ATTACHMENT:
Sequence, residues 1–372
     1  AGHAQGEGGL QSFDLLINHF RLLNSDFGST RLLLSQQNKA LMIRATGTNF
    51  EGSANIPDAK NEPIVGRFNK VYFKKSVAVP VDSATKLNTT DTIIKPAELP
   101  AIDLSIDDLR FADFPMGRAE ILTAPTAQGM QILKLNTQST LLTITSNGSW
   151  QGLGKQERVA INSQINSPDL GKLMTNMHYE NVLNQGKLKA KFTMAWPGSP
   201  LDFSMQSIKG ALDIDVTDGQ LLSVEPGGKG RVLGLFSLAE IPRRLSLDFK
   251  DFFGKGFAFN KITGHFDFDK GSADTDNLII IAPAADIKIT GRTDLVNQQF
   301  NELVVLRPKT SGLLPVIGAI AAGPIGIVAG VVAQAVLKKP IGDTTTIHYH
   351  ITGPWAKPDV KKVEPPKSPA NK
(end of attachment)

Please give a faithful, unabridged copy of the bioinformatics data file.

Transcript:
Sequence, residues 1–372
     1  AGHAQGEGGL QSFDLLINHF RLLNSDFGST RLLLSQQNKA LMIRATGTNF
    51  EGSANIPDAK NEPIVGRFNK VYFKKSVAVP VDSATKLNTT DTIIKPAELP
   101  AIDLSIDDLR FADFPMGRAE ILTAPTAQGM QILKLNTQST LLTITSNGSW
   151  QGLGKQERVA INSQINSPDL GKLMTNMHYE NVLNQGKLKA KFTMAWPGSP
   201  LDFSMQSIKG ALDIDVTDGQ LLSVEPGGKG RVLGLFSLAE IPRRLSLDFK
   251  DFFGKGFAFN KITGHFDFDK GSADTDNLII IAPAADIKIT GRTDLVNQQF
   301  NELVVLRPKT SGLLPVIGAI AAGPIGIVAG VVAQAVLKKP IGDTTTIHYH
   351  ITGPWAKPDV KKVEPPKSPA NK